Richard (Greg Kinnear) is the head of a mostly dysfunctional family and the author of a multi-step/self-help program that he espouses with the passion of a zealot. Sheryl (Toni Collette) is Richard's wife and arguably the most normal and high-functioning member of the family. Their son, Dwayne (Paul Dano), is a nihilistic and remote 15-year-old, who has either stopped speaking to his family because he can't stand them or taken a vow of silence to achieve a personal goal - depending on who is explaining his behavior. Olive (Abigail Breslin) is the family's bright and effervescent 7-year-old, who is already starting to pick up some of the family's more unhealthy tics of criticism and self-doubt. Grandpa (Alan Arkin) is Richard's acerbic and outspoken father who was booted out of his retirement home for snorting heroin. Add to this murky Freudian soup Sheryl's brother, Frank (a wonderfully restrained Steve Carell), who is newly released from the hospital after a failed suicide attempt.

When a message is left on the family's phone machine notifying them of Olive's acceptance into the semi-finals of the Little Miss Sunshine talent competition in California, they decide to (mostly) put aside their personal agendas and take Olive to the pageant.
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17 of 19 people found the following review helpful By Kenneth Broadway on September 6, 2006
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Little Miss Sunshine is easily my pick for best film of the year. At the same time, I won't say that you've never seen a movie like this one before. It treads familiar territory and dredges up some recognizable character types, like the silent broody teen and the dirty old man, but it doesn't belabor them; instead it reminds us why we find situations and individuals like these so relatable. It's a road trip movie. It's a dark comedy, but it's also something else altogether.

There are sight gags a plenty and some dysfunctional family fun that walks a fine line between trite and genius, but I (and 93% of the critics on [...]) believe that the performances tip the balance in favor of genius. Alan Arkin is extraordinary as the cantankerous, heroin snorting grandpa with a heart. Toni Collette and Greg Kinnear, as the emotionally fatigued married couple, have an onscreen chemistry that threatens to blow up at any minute. (Boo! Kenney, that's such a cheesy line. You can do better.--I know. I know. But I couldn't resist. Watch the movie and you'll see what I'm talking about.) And we all know Steve Carrell can be funny, but who knew he could play tortured too. And here's something that's entirely refreshing: a seven year-old character, Olive, who is more naïve than she is precocious, and an actress, Abigail Breslin, who pulled it off realistically. She did more than pull it off really. She sold it, and I bought every tear and toothy grin.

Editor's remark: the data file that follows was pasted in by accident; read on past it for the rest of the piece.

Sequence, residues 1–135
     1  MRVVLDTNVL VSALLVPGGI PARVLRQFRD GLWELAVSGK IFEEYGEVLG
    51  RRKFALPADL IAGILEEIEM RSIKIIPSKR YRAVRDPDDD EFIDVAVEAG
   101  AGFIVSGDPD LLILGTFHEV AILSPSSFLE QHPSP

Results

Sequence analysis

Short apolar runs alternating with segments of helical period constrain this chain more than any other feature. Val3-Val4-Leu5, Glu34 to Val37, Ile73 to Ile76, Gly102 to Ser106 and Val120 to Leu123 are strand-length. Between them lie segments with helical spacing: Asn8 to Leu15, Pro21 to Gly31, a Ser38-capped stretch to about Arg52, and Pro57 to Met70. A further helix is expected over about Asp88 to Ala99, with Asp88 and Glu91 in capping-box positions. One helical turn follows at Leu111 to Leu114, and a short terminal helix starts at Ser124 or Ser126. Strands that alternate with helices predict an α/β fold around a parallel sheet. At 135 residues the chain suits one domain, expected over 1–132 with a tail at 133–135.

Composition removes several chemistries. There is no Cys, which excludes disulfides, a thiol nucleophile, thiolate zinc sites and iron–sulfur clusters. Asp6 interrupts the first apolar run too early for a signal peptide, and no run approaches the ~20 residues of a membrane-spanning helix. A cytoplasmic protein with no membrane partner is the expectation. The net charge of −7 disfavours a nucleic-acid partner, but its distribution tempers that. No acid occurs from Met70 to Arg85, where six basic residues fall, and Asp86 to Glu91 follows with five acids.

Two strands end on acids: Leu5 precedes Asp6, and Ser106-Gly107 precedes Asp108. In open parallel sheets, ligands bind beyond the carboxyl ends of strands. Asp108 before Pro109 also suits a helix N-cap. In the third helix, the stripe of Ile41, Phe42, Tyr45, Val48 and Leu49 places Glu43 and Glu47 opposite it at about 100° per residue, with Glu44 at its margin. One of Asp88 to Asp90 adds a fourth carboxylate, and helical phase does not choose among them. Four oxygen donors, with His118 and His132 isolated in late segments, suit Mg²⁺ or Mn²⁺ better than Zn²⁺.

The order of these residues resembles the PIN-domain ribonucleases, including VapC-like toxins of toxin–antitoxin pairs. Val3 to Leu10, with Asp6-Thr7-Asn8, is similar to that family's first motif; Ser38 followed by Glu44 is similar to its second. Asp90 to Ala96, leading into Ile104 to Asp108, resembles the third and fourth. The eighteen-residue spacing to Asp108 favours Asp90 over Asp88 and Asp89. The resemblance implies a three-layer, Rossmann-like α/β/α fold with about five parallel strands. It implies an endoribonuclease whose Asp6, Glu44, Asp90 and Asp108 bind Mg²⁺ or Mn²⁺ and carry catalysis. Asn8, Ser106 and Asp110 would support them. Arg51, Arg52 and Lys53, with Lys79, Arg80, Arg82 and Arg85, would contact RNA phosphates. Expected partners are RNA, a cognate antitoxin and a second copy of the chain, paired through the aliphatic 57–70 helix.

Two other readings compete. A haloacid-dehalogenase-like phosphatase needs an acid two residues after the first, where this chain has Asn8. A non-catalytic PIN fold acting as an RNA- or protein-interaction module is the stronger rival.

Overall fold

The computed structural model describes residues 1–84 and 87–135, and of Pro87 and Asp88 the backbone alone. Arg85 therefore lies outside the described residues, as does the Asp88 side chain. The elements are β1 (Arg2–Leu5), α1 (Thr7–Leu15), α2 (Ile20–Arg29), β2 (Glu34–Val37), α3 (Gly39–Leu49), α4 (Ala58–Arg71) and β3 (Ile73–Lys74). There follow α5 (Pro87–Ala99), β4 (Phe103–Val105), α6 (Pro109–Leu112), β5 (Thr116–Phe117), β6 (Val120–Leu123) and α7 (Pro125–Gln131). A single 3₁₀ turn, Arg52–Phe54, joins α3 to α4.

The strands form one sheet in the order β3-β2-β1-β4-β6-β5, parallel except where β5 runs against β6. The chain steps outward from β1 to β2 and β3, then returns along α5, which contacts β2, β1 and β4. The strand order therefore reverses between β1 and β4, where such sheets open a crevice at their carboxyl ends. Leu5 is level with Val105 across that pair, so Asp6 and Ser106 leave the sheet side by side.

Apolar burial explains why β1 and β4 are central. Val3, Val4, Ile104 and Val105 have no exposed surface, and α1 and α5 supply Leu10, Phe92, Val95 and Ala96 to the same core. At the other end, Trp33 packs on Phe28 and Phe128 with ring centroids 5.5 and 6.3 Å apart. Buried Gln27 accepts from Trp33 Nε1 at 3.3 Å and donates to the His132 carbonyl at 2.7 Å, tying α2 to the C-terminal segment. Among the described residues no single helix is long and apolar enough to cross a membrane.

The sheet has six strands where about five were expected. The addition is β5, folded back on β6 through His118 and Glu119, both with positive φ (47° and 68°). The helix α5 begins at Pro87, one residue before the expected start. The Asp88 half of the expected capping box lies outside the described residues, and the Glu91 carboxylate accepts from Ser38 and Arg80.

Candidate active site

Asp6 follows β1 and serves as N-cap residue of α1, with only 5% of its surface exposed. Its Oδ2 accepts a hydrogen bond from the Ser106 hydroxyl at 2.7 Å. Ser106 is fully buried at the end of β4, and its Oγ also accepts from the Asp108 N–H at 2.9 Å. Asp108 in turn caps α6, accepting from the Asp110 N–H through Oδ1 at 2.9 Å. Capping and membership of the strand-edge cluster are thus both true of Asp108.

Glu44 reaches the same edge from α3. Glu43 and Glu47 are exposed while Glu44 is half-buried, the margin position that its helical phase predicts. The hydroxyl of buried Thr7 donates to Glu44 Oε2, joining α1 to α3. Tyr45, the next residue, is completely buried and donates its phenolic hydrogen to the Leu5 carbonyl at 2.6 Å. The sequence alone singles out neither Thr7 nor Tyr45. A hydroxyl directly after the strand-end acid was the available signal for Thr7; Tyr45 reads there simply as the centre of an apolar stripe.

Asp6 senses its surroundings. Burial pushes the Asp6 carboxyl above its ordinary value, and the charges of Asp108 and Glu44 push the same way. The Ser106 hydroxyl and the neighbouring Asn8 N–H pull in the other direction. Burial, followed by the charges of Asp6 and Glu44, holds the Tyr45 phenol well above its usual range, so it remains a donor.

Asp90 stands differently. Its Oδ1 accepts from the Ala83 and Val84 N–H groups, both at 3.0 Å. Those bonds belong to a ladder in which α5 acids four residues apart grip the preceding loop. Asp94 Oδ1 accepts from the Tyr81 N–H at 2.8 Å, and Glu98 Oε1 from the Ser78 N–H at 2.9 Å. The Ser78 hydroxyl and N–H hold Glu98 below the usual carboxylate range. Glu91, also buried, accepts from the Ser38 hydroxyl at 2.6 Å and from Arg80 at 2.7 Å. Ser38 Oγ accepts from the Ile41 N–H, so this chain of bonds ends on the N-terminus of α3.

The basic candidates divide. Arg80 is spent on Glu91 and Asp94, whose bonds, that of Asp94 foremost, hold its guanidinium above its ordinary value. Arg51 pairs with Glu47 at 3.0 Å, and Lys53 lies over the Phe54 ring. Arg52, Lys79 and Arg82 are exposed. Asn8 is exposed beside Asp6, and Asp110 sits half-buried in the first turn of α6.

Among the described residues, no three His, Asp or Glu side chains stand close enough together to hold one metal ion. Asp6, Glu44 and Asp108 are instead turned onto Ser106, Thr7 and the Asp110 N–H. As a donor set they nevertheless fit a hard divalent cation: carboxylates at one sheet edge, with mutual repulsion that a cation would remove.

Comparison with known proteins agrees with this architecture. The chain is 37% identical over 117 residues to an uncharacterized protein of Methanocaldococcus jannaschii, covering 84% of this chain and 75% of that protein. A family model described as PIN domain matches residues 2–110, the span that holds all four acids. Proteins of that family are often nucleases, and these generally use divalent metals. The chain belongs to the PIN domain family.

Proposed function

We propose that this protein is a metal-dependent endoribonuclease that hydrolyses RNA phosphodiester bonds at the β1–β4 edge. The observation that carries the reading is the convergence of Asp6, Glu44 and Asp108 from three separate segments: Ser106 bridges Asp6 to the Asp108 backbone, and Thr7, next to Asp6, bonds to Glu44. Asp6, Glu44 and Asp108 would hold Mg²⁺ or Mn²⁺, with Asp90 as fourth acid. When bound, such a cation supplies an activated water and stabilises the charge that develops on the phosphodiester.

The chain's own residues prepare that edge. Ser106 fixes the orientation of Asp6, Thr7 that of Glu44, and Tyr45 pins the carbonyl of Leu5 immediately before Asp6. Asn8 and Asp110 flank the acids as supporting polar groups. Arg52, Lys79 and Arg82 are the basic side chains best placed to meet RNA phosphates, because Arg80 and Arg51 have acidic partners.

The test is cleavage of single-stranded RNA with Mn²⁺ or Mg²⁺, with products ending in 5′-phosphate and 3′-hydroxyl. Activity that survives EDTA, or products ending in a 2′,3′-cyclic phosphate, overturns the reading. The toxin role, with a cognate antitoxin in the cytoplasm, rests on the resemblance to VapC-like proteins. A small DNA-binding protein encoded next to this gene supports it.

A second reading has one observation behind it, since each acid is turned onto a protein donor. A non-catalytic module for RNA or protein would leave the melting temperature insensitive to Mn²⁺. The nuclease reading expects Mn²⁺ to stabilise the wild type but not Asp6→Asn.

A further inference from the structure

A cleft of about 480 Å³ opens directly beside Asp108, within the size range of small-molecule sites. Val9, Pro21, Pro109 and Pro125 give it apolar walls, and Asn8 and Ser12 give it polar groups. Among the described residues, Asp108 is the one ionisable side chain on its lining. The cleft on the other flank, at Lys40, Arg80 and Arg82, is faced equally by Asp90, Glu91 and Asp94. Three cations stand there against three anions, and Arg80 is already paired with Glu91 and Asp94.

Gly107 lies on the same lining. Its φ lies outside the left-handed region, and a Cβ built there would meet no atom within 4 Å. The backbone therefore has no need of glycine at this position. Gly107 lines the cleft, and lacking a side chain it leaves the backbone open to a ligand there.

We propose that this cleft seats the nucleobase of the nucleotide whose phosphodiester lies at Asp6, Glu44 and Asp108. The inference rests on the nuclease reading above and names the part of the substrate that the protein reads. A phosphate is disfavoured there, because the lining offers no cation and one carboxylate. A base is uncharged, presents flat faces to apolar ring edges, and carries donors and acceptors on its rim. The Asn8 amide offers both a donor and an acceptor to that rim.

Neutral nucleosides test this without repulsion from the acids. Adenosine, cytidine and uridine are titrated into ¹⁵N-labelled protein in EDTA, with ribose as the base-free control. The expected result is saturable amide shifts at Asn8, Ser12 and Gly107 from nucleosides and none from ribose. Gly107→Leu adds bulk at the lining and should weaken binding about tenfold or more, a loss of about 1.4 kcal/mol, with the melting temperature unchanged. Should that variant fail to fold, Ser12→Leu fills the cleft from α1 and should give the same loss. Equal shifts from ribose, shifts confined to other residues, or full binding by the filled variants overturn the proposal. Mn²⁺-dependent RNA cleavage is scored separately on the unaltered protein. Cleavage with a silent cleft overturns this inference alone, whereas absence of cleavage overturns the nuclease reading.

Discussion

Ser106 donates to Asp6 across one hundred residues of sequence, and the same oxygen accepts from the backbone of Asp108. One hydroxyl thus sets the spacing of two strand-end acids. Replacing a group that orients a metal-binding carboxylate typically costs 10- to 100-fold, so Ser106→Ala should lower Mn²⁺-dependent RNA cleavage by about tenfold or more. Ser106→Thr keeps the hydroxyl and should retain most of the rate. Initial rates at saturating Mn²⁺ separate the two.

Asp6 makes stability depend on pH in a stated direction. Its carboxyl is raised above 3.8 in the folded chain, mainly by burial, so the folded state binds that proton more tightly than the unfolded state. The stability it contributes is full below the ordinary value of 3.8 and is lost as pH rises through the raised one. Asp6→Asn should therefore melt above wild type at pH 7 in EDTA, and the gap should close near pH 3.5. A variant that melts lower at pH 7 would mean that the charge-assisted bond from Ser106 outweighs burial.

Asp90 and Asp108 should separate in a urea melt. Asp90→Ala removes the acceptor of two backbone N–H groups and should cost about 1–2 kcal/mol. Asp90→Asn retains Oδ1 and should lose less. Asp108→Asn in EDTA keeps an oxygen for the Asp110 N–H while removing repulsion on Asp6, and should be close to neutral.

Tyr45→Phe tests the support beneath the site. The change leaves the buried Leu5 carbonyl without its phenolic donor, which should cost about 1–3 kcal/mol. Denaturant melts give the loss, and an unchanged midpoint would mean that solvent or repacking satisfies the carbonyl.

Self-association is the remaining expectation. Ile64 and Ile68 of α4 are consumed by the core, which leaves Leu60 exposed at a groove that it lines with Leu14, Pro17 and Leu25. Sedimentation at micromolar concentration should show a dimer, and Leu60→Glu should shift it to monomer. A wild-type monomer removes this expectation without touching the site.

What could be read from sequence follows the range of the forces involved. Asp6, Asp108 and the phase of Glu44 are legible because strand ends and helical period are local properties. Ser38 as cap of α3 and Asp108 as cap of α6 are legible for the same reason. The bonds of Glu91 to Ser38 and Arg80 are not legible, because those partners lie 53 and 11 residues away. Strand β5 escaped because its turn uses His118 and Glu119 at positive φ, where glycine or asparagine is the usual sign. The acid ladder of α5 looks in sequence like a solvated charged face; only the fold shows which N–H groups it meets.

The opening sequence introduces the characters and their particular quirks in a series of one-minute shots, so the audience member knows right from the beginning who these people are and basically what's wrong with them.
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20 of 24 people found the following review helpful By K. Harris HALL OF FAMETOP 50 REVIEWER on November 13, 2006
Format: DVD
"Little Miss Sunshine" is yet another quirky indie comedy, this time about a dysfunctional family roadtrip. Every character has the requisite wacky personality and/or oddball mannerisms (as is the case in every film of this type). The plot is minimal and contrived, existing for the sole purpose of forcing this unlikely family together. Handled incorrectly, I would usually loathe this type of film. So I'm pleased to report that "Little Miss Sunshine" is far more successful than it has any right to be. While I still feel as if this "little" picture was slightly overpraised upon it's release, it provides many laughs and works as screwball comedy.

One thing that sets "Sunshine" apart from similar indies is a stellar cast. Greg Kinnear and Toni Collette do fine work as the embattled parents. Abigail Breslin brings a refreshing blend of hope and delusion to the title character. Alan Arkin chews the scenery as the foul mouthed addict father--it's nice to see him again, especially in such a showy in-your-face performance. Steve Carell is surprisingly sympathetic as the depressive gay brother. And Paul Dano delivers the movie's best performance as the disconnected son who has taken a vow of silence. So even though this colorful, supremely eccentric bunch are character "types" as opposed to real people, the actors make it work. The moments of drama that appear succeed only because the actors make you care.

But, first and foremost, this is a comedy. And I forgave the calculated eccentricities because the film is simply funny. Outrageous and slapstick, yet smartly observant, this film earns your respect and laughs. It's a fun ride with many identifiable situations.
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Todays definition of a 'good movie'
I though that the "provocative moves" weren't sleazy at all, they were just blatantly telling the truth. And after all, who did you find scarier: the perfect beauty pageant girls with tiny bikinis and plastic smiles and glittery makeup, or slightly plump Olive dancing and having the... Read More
Jan 7, 2007 by Striped Candycane |  See all 32 posts